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KFC China: New facial recognition software is more offending than ground-breaking

Poor industry performance due to bad food ratings and hygiene issues has been severely damaging for the KFC brand over recent years in China. With a significant share in the Chinese market, KFC’s parent owner Yum! have some important decisions to make in order to build back growth for the franchises once again.

It is clear that the technological vanguards are forefront to many industries who wish to make their services more efficient, cost saving and increase its customer satisfaction ratings, while of course keeping consistency across its brand. With KFC having a rocky past couple of years in China, the Yum! brand (parent company who owns the KFC) has been exploring ways to improve its sales, and experimenting with a KFC outlet seems to be its breakthrough method of improving.

A facial recognition technology will be installed in a Beijing branch, where users look into a screen and the software will use the image of the face and it will recommend to the customer a suggested order off the menu. It will apparently base its decision on deep learning and machine learning algorithms working with the customer’s gender, age, facial expression and shape. If it’s a returning customer, it will have their face retained on its database and therefore may suggest the last order the customer had eaten there.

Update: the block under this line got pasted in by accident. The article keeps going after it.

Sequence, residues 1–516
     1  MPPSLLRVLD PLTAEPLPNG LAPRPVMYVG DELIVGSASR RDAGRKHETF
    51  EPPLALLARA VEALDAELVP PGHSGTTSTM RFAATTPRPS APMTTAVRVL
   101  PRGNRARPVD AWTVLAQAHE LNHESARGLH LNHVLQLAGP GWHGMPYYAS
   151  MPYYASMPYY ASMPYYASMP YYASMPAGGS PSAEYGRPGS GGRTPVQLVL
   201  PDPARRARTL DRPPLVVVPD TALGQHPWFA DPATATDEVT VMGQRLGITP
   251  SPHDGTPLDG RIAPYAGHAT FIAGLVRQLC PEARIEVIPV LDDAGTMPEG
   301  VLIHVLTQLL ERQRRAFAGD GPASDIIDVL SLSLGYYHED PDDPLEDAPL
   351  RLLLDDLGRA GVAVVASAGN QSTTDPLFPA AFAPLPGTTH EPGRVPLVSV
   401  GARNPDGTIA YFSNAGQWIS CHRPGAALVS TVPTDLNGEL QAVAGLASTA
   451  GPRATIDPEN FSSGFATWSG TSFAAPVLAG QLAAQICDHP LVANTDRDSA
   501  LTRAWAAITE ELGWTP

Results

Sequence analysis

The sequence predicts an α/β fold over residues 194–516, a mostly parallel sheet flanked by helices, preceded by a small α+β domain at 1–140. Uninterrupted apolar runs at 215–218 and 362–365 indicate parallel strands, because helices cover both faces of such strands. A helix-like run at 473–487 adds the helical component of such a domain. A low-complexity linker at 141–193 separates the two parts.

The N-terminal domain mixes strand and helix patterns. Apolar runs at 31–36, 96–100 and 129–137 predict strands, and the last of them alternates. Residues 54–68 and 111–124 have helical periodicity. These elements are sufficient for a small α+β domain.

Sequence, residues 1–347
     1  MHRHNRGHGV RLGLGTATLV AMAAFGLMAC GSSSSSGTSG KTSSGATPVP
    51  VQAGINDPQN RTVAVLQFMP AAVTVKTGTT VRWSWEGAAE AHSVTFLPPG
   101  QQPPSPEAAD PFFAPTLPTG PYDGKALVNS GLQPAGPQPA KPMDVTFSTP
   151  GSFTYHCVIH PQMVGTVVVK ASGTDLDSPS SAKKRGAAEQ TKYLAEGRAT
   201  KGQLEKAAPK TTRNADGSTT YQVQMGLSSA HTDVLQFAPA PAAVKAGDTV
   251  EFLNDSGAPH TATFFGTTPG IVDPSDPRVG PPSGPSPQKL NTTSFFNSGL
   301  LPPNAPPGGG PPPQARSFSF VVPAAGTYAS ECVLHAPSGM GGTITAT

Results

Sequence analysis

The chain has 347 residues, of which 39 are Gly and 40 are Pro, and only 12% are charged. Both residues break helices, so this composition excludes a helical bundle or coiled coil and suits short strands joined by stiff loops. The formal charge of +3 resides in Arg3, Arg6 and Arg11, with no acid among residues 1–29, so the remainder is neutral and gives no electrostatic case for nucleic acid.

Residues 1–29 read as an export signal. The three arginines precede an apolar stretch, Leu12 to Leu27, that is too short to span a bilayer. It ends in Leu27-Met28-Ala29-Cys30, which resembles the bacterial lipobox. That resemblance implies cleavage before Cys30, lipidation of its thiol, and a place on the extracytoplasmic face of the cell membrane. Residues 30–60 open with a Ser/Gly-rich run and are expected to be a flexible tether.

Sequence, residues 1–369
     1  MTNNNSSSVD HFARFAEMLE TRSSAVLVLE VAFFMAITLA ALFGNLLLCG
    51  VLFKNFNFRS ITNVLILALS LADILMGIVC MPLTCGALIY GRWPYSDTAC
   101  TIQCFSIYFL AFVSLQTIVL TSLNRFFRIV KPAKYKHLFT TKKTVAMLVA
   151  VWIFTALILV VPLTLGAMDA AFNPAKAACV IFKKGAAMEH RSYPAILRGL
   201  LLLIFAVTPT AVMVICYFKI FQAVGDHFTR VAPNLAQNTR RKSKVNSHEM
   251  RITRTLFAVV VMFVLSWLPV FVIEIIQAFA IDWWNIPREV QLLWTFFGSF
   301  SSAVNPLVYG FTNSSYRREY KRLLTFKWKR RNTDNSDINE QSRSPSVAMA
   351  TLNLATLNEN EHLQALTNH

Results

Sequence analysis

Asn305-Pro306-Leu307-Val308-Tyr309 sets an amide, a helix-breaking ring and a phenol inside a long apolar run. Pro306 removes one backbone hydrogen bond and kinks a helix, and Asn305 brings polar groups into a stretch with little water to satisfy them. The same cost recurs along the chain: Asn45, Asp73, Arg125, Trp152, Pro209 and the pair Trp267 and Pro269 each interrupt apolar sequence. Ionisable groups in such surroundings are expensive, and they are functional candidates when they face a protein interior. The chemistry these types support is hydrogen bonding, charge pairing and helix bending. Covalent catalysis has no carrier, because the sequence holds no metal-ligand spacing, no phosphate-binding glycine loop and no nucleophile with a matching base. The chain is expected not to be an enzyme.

Much criticism has already been formed towards this new technology. With it basing decisions based on appearance and expression, it is argued that this technology may be too presumptuous and offending to individuals who may get offended by the type of food they are being offered. The opposite feeling from investors however, with the stock price of Yum China Holdings jumping during the days of the announcement of the new technology.

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